Motivaation “rakentaminen”, X vai Y ?

Luen tenttiin kirjaa opetuksesta ja oppimisesta, ja siinä tuli vastaan ajatus motivaatiosta, joka mielestäni pätee kursseihin, työyhteisöihin, luokkahuoneisiin tai mihin tahansa, jossa ihmisten tekemisellä ja oppimisella on merkitystä.

Lähtökohtana on asenne ihmisiin:

X -teoria: ihmisiä pitää kontrolloida mahdollisimman tarkasti, koska heihin ei voi luottaa. He huijaavat aina kun tulee tilaisuus, siispä on tärkeää että hallinta on tiukkaa.

Y -teoria: ihmisiin luotetaan, he kyllä tekevät parhaansa jos heillä on siihen edellytykset.

Kirjan mukaan tämä asenne vaikuttaa todella paljon siihen miten ihmisryhmä käyttäytyy. X -teorian organisaatiossa vallitsee kyyninen kyttäämisen ilmapiiri, kukaan ei tee enempää kuin pakotetaan. Ihmiset kyllä toimivat ulkoisesti samankaltaisesti. Y -teorian organisaatiossa ihmiset valitsevat itse tiensä kohti päämääriä mutta ovat enemmän sisäisesti motivoituneita. Toimintatavat saattavat vaihdella.

Kumpaa sinä haluat edistää?

Lue lisää:

Motivaatiosta

Getting students involved in learning: Motivation

Motivation has two meanings: it refers to initiating learning, and to maintain- ing engagement during learning. To initiate learning, students need to see the cost-benefits: that engaging in learning has evident value and that engagement is likely to realize that value. Value accrues to a task for a variety of reasons: extrinsic, where the consequences either bring something we want, or avoid something we don’t want; social, where the value comes from what other important people think; achievement, where the value is ego enhancement; intrinsic, where we don’t even think to ask where the value comes from: it’s the journey, not the destination. Teachers can make use of these values to bring about positive results. Extrinsic reinforcement in the form of rewards and punishments needs to be used carefully, punishment can be quite counterproductive. Likewise, competition may turn on some of the Susans but none of the Roberts. Teachers can act as enthusiastic role models – and if they want to motivate their students intrinsically, they should teach constructively.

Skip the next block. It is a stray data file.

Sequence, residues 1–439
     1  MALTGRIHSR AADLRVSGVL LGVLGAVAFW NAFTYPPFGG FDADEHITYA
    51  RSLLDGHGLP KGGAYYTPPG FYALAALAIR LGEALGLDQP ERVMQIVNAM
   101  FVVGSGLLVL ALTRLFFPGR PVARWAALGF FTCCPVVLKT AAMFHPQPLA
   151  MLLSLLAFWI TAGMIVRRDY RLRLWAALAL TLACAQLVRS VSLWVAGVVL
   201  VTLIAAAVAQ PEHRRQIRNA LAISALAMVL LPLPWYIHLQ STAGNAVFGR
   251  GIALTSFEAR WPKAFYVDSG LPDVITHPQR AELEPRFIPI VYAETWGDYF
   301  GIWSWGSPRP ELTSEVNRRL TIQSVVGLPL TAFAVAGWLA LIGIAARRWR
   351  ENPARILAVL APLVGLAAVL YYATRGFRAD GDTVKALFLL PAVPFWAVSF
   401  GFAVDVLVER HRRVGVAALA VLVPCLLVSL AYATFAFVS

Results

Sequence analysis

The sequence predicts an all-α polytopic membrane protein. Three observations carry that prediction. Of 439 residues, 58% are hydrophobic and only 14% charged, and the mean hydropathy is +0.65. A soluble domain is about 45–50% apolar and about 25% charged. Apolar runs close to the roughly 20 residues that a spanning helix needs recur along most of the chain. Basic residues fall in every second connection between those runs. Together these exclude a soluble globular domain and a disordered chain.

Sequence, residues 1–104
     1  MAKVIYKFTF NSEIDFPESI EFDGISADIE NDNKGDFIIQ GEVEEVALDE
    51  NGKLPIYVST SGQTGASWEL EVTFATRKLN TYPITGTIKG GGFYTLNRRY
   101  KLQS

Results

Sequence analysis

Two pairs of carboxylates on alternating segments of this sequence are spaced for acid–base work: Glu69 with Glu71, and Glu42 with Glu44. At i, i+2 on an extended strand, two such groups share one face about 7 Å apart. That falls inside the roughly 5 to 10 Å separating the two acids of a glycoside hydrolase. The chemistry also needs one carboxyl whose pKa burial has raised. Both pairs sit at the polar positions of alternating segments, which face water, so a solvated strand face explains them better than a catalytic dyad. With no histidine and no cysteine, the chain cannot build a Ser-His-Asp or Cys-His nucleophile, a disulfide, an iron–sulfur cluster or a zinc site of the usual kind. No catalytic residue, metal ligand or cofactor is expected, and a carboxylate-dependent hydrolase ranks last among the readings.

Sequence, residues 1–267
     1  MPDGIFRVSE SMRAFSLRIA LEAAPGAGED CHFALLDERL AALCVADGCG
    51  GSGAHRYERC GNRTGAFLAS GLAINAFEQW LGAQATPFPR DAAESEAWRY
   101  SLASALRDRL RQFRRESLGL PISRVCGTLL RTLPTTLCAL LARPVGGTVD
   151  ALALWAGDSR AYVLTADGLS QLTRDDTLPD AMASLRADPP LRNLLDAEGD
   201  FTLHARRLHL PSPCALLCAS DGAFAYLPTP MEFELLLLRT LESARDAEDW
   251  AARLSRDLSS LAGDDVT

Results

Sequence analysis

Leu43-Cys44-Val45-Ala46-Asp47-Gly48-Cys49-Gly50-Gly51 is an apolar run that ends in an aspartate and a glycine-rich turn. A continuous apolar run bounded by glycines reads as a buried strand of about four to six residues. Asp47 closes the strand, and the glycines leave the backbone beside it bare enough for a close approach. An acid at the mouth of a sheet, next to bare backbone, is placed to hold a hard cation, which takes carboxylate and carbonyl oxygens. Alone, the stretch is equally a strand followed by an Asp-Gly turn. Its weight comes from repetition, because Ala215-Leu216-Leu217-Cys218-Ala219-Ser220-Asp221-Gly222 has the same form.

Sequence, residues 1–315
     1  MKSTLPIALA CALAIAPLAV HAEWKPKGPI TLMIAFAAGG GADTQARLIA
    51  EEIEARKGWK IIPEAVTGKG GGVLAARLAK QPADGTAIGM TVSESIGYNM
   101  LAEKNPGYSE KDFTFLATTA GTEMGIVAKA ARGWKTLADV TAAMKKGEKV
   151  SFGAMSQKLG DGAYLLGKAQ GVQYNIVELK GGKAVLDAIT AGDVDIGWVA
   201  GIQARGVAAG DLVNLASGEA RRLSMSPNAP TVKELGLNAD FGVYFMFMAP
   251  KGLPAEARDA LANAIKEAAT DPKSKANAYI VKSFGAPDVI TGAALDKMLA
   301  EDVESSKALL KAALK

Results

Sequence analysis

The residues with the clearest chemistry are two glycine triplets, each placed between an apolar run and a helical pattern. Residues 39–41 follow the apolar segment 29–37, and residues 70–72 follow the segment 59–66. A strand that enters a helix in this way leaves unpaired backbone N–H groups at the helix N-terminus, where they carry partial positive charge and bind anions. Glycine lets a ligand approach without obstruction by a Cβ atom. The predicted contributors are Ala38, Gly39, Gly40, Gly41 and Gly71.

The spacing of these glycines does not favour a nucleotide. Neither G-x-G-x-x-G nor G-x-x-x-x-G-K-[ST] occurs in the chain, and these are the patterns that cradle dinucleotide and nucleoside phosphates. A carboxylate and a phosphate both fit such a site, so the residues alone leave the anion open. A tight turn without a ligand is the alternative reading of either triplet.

X ja Y

The teaching/learning climate

The quality of the relationship set up between teacher and students, or within an institution, is referred to as its ‘climate’, the way the students feel about it. A Theory X climate is based on the assumption that students cannot be trusted, a Theory Y climate on the assumption that they can. If Level 1 and Level 3 theories of teaching describe two cognitive views of teaching, Theory X and Theory Y climates are their affective counterparts. The tight formal structures of a Theory X climate, with sanctions for non-compliance, result in anxiety and cynicism; both lead to surface learning. A Theory Y climate allows students freedom to make their own learning-related choices, which, as we shall see, is important if students are to become independent lifelong learners.

Lähde:
Biggs, J., & Tan, C. (2007). Teaching for quality learning at university. Open University Press.

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